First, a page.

red packets and family reunions (2020)
In this piece, I revisit the family and cultural tradition of Chinese New Year through the eyes of seven-year-old me. Writing in the second person was a little bit out of my comfort zone but done intentionally, with the purpose of creating a piece readers could imagine themselves a part of.
It is barely 7:00 in the morning but 7-year-old you is already up, dressed, and scurrying down the 5 blocks to your grandmother’s house. Your parents’ warnings of “stop running” and “careful!” chase you as your tiny figure dodges past mothers with arms full of shopping bags and lines forming outside stores for some last-minute shopping. Red paper lanterns spelling out “Happy Chinese New Year!” hang in rows from shop windows, and piles of snacks lay on doorsteps. The sound of popping firecrackers and the fragrance of fresh tangerines follow you as you make your way down the streets, across the road, into the small alleyway. There, tucked behind a row of parked motorcycles and through a door nestled between a pharmaceutical store and barber shop, is your grandmother’s two-story house.
You burst through the wooden door and up the steep staircase. You have barely stepped foot on the landing when uncle Mark– the undisputed family chef– carries you into the kitchen, where he is hard at work preparing dishes of Nian Gao and pan-fried fish. You escape from under his grasp, sneaking bites from spring rolls and Tang Yuan as you dart past his fingers threatening to tickle you, and into the living room. There, a crowd of aunts and uncles and cousins however-many-times-removed gather under one roof, once a year. Your cousins eagerly wave you over to the corner, where they are watching “最強大腦” while playing cards, but instead you join your grandmother at the dining table in making dumplings. You are young, your hands still too small to stop the dumpling wrapper from drooping past your fingertips. But your fingers, nimble from years of crocheting beanies and darning sweaters, allow you to make the delicate dumpling folds. And so you sit there, hair dusted with flour and hands full with filling, at a table too high for your feet to touch the floor, giggling as aunt Irene– the one who treats your family to 瓦城 every summer– and your mom share childhood stories of falling down the steep staircase and calling out to people on the sidewalk from the second-floor balcony.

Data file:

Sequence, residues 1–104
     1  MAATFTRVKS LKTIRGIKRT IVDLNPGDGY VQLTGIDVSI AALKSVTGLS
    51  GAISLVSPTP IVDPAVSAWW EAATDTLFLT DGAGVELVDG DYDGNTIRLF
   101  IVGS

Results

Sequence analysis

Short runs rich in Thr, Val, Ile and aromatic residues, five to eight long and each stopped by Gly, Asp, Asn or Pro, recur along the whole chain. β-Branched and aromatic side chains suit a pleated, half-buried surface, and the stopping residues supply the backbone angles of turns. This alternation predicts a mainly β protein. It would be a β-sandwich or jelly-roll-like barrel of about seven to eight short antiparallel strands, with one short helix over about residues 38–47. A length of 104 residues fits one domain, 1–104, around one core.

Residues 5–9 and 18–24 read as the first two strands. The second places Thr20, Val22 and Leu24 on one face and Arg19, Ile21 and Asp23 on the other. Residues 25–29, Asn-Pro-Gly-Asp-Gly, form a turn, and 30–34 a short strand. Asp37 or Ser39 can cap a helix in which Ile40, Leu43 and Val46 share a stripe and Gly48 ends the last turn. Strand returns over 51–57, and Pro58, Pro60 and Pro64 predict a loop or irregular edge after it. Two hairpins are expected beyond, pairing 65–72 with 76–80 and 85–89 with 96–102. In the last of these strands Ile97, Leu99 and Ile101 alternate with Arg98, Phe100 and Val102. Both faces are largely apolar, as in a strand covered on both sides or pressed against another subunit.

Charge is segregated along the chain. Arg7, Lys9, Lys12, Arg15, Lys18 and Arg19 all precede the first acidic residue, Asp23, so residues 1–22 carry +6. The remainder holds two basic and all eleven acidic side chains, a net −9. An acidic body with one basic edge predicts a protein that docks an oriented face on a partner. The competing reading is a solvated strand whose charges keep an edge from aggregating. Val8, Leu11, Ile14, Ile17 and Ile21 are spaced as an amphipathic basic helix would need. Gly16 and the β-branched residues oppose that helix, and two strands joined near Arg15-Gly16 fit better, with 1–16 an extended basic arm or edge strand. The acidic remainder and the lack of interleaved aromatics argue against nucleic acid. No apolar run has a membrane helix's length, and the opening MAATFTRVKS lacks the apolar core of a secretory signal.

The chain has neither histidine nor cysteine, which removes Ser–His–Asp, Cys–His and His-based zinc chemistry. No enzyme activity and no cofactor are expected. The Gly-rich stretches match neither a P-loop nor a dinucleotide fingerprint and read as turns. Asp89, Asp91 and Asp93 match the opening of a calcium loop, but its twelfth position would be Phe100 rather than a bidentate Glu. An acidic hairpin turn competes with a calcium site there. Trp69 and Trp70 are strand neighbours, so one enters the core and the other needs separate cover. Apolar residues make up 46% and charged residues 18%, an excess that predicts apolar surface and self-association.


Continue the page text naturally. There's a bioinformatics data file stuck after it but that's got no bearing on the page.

More than anything, Chinese New Year has always seemed like a trade to you. So, your hands can hardly keep still by your side when the adults announce that it is time for the red-packet ceremony. As always, red-packets, gifts, and money are exchanged with half-hearted blessings for a happy new year– “恭喜發財，紅包拿來”. But this year’s tradition has a twist. As an extra game created by the adults, you also get the chance to fish out money from a bag of coins. Being the youngest, you go first. As you stare into the pile of glittering coins, your eyes widen to the size of saucepans at the thought of earning money fast and easy. But as the youngest and smallest, you are at a natural disadvantage: your hands are too small to grasp the concept, let alone grab onto the coins. You reach into the bag, eyes closed and breath held, and dig into the pile of metal. The flat and rounded edges of the cold metal digs into your skin as your fingers bury themselves deeper, deciding that the taller the pile was, the more money there would be. Yet, as you bring your hand out of the bag, few coins spill out, adding to a meager total of $985 dollars.
“It’s not fair!” you complain, as you watch your brother dig out a mountain of coins. Your older cousins follow, with each mountain high enough to rival Everest, while yours is barely a mound. Yet, your cousins make fun of your small stature instead, patting you on the head before saying a simple “Better luck next time.”
Soon, daylight fades and the grandfather clock chimes. All bickering is finally put aside as the family gathers around the dimly-lit dining table to ring in the Chinese New Year together. Even so, it takes another 7 years, a quiet room 7908 miles away from your hometown, and weeks of not seeing your family for you to realize the true importance of Chinese New Year.
: A scientific game show that is quite popular in Taiwan
: A restaurant curating Thai-cuisine
: Translates roughly to wishing someone a happy new year, then promptly asking for a red packet
: A Taiwanese dollar has a value of around 1/32 of an American dollar, $985 NT converts roughly to $32.75 USD